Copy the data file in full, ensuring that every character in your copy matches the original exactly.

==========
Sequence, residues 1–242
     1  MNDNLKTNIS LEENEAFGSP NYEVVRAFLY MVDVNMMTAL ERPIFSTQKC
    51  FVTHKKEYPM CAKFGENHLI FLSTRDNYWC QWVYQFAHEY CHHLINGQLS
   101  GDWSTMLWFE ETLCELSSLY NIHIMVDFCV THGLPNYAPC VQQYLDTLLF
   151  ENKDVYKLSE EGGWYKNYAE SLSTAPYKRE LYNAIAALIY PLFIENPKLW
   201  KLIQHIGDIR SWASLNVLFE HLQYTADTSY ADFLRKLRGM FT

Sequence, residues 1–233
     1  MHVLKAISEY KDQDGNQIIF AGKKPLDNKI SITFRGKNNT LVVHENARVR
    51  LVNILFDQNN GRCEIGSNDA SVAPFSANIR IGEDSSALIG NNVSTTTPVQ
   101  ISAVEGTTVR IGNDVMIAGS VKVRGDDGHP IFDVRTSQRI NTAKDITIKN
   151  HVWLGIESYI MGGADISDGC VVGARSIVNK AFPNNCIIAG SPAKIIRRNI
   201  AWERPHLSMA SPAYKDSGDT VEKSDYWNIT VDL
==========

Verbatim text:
Sequence, residues 1–242
     1  MNDNLKTNIS LEENEAFGSP NYEVVRAFLY MVDVNMMTAL ERPIFSTQKC
    51  FVTHKKEYPM CAKFGENHLI FLSTRDNYWC QWVYQFAHEY CHHLINGQLS
   101  GDWSTMLWFE ETLCELSSLY NIHIMVDFCV THGLPNYAPC VQQYLDTLLF
   151  ENKDVYKLSE EGGWYKNYAE SLSTAPYKRE LYNAIAALIY PLFIENPKLW
   201  KLIQHIGDIR SWASLNVLFE HLQYTADTSY ADFLRKLRGM FT

Sequence, residues 1–233
     1  MHVLKAISEY KDQDGNQIIF AGKKPLDNKI SITFRGKNNT LVVHENARVR
    51  LVNILFDQNN GRCEIGSNDA SVAPFSANIR IGEDSSALIG NNVSTTTPVQ
   101  ISAVEGTTVR IGNDVMIAGS VKVRGDDGHP IFDVRTSQRI NTAKDITIKN
   151  HVWLGIESYI MGGADISDGC VVGARSIVNK AFPNNCIIAG SPAKIIRRNI
   201  AWERPHLSMA SPAYKDSGDT VEKSDYWNIT VDL